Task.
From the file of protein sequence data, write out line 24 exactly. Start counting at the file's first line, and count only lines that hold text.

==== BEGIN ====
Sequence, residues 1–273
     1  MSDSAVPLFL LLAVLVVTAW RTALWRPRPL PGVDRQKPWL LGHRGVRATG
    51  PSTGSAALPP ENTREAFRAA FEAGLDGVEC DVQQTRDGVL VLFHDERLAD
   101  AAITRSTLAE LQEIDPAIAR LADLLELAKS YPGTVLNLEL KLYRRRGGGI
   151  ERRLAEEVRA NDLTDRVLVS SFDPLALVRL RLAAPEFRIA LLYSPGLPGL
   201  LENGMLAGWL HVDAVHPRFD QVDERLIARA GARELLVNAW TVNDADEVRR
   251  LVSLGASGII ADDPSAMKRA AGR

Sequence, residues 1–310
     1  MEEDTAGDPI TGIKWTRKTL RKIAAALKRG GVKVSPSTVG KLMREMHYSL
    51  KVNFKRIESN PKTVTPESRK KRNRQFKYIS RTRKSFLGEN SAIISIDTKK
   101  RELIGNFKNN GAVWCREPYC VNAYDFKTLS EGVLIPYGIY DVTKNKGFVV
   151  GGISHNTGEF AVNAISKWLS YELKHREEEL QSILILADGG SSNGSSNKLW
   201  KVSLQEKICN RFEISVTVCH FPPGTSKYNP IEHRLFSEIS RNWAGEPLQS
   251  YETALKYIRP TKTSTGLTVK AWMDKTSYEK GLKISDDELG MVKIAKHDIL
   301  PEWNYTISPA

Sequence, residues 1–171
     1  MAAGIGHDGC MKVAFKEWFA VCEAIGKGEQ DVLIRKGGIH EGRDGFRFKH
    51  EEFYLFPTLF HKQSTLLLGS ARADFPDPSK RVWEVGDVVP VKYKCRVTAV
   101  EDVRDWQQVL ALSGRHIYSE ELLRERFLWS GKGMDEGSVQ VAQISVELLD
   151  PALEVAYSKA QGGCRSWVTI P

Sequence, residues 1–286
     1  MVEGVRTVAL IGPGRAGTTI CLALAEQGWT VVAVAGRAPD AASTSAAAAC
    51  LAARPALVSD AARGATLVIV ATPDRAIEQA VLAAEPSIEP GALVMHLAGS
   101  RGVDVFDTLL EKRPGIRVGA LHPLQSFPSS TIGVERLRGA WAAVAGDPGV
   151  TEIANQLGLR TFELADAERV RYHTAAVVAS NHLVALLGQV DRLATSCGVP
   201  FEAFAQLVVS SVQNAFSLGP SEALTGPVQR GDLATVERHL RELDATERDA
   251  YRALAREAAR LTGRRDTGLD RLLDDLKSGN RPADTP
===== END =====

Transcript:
   101  RGVDVFDTLL EKRPGIRVGA LHPLQSFPSS TIGVERLRGA WAAVAGDPGV